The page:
Managing my small flock of backyard chickens has been enormously rewarding. I have a handful of hens, each of them a different breed. They are all beautiful, winter-hardy and dual-purpose, whichs means that they lay eggs well and can also be harvested for the soup pot after their egg-producing days are over. I've enjoyed watching them grow from chicks to pullets (teenagers) and later to fully mature hens.
Rosie is my Red Star hybrid. She matured quickly and began laying large brown eggs at exactly four months of age. Rosie lays an egg every day regardless of cold or daylength. She's friendly with people and seems to get along with the other hens.
Delphinium is a Dominique, a true American heritage breed. She began laying tan-colored eggs at about five months of age, perhaps three or four eggs per week. She took about six weeks off in the middle of the winter and refused to lay eggs between Dec. 4 and Jan. 17.
Hyacinth is an Easter Egger, a hybrid that produces green eggs. She began laying eggs at five months and continued to produce right through the darkest part of the winter. This bird was nicknamed "Hysterical Hyacinth" because of her timid behavior.
Finally, Wisteria is a Columbian Wyandotte. She is our largest bird and the slowest to mature. She began to lay eggs at the end of her seventh month, but now she's a good layer of tan eggs. Wisteria is all about food, all the time. And she produces very large poops!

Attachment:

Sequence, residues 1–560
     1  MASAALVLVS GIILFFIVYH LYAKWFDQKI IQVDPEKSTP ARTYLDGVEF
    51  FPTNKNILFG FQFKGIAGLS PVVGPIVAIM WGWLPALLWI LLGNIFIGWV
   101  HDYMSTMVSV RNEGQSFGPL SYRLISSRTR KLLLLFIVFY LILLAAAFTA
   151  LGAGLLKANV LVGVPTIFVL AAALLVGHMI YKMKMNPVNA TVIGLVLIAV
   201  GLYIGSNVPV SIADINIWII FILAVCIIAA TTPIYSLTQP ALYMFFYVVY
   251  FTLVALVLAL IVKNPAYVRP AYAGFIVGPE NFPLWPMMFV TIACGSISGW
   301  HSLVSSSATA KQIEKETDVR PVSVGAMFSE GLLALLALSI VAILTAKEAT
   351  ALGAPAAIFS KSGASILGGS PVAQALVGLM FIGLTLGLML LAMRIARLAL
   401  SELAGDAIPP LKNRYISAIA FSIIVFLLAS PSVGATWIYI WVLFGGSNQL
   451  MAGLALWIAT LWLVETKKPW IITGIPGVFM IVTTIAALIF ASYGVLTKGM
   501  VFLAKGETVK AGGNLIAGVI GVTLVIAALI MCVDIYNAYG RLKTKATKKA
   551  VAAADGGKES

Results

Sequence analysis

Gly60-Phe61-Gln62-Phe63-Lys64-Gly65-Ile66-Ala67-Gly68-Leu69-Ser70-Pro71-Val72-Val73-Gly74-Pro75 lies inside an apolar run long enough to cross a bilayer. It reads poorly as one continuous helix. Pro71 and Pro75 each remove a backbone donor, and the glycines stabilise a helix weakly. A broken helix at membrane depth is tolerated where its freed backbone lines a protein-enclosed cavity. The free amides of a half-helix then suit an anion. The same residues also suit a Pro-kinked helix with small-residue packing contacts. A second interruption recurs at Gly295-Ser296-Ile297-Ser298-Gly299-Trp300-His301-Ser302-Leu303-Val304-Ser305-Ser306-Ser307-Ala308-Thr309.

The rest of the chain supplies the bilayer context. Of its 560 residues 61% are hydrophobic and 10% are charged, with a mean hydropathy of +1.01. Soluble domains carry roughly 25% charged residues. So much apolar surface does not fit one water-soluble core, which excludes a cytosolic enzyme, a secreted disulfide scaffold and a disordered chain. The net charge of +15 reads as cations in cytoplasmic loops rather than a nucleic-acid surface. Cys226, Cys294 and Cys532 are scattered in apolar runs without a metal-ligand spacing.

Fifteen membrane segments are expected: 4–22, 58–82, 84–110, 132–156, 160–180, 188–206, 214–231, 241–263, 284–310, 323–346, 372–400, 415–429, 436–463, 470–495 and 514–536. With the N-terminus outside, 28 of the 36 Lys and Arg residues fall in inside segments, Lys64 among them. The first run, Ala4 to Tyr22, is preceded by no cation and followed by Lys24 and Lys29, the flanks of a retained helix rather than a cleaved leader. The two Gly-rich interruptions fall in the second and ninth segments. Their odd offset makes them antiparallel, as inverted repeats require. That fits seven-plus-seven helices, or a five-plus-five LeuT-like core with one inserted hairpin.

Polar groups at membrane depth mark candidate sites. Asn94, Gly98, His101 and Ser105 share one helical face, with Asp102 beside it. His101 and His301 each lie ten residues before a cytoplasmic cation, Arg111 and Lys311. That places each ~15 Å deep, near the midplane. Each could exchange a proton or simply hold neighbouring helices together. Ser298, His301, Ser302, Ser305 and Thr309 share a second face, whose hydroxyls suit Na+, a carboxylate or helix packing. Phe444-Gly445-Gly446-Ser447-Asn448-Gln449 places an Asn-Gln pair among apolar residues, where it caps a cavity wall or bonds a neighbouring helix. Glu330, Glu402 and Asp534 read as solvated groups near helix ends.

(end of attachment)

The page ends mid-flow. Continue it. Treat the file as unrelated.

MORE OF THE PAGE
Pecking order in the flock is very real. At night, the dominant bird roosts in the middle of the huddle so the other girls will keep her warm. This is especially important in sub-zero weather. She's also the most aggressive when it comes to extra snacks.
Although I visit my hens at least twice a day, I couldn't ascertain which bird was truly the boss. I liked that my girls seemed rather democratic and there was peace in the coop.
Until mid-January. After several consecutive nights of sub-zero temperatures, Hyacinth the timid Easter Egger started to slow down. Her comb was pale. She didn't seem interested in food. And she allowed me to pick her up and hug her, which was highly unusual behavior for her. After a call to our veterinarian, we decided to bring her inside to warm up. We reassembled our brooder box and brought her indoors.
As she recuperated, we recalled snowshoeing past the coop at night and observing Hyacinth outside the huddle of hens. No wonder the poor thing was failing! After a couple nights in the Poultry Hilton she seemed to perk up. The weather returned to above zero temps, so I took her back outside to join the flock.
This was the moment when I learned that Delphinium is the Big Boss. She walked directly to Hyacinth and pecked her on the head so hard I thought it might kill her. Chicken fights are ugly and Hyacinth would not defend herself. I quickly brought her indoors again. I attempted another reunion later in the day but it was clear that this would not be successful. So I did the only thing any self-respecting mom would do: I gave Delphinium a time-out. She spent the next night in the Poultry Hilton and she was not pleased.
Our subsequent attempts at reunion made it perfectly clear that Delphinium was not only aggressive toward Hyacinth, but she was also quite aggressive towards me. I've never been threatened by a chicken before, but her intentions were clear. So we made the difficult decision to find her a new home. We couldn't afford to keep a bully who was only a moderate layer of eggs, especially with new chicks coming in a month. Fortunately, Delphinium found a new home on a hobby farm with llama and sheep, and she provides her new owners with a few eggs per week.
Meanwhile, Hyacinth the Easter Egger was quite traumatized. It has taken her three weeks to recover after Delphinium's departure. For two weeks she hid in the coop and refused to step outside, but she has finally started laying her beautiful green eggs once again. Happy chickens really do lay more eggs.